Jackie Thresher, executive director of the Nassau Library System said, “The estimated cost of the MTA payroll tax to my organization and the 54 public libraries in Nassau County, that are all members of my consortium, is $293,000 for the first full year. Imposing such a tax on publicly supported institutions like libraries is really an additional tax on all Nassau County residents who pay taxes to support library service. This tax was levied on libraries after two years of cuts in state aid, reducing state support of public libraries back to the 1993 level. The state provides the majority of funding for library systems, which allows libraries to provide services in a cost-effective and efficient manner.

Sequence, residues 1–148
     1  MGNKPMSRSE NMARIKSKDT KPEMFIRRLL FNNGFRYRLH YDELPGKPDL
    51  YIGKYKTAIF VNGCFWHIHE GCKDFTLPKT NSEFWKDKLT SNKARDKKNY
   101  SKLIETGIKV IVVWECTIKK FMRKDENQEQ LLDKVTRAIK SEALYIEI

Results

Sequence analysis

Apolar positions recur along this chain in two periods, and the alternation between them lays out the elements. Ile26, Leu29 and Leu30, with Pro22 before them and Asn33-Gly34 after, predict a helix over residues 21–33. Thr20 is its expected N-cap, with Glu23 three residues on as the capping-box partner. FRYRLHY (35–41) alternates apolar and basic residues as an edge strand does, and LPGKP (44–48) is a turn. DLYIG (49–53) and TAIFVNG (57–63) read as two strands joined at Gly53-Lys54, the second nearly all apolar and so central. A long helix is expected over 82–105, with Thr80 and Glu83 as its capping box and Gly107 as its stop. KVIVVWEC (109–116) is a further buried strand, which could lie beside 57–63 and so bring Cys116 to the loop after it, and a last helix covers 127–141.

“Any tax increase will only exacerbate an already difficult situation. Simply put, the MTA’s fiscal problems cannot be shouldered by suburban businesses that are already shortchanged by unfair MTA budget allocations, while at the same time experiencing the challenges of a bad economy.”
The payroll tax is just the latest tax hike to hit New Yorkers as a result of the 2009-10 state budget. It follows increases in the costs of driver’s licenses and motor vehicle registrations that took effect Sept. 1; increases in hunting and fishing license fees that took effect Oct. 1; and the Democrats’ elimination of STAR property tax rebate checks that would have been arriving in mailboxes right now.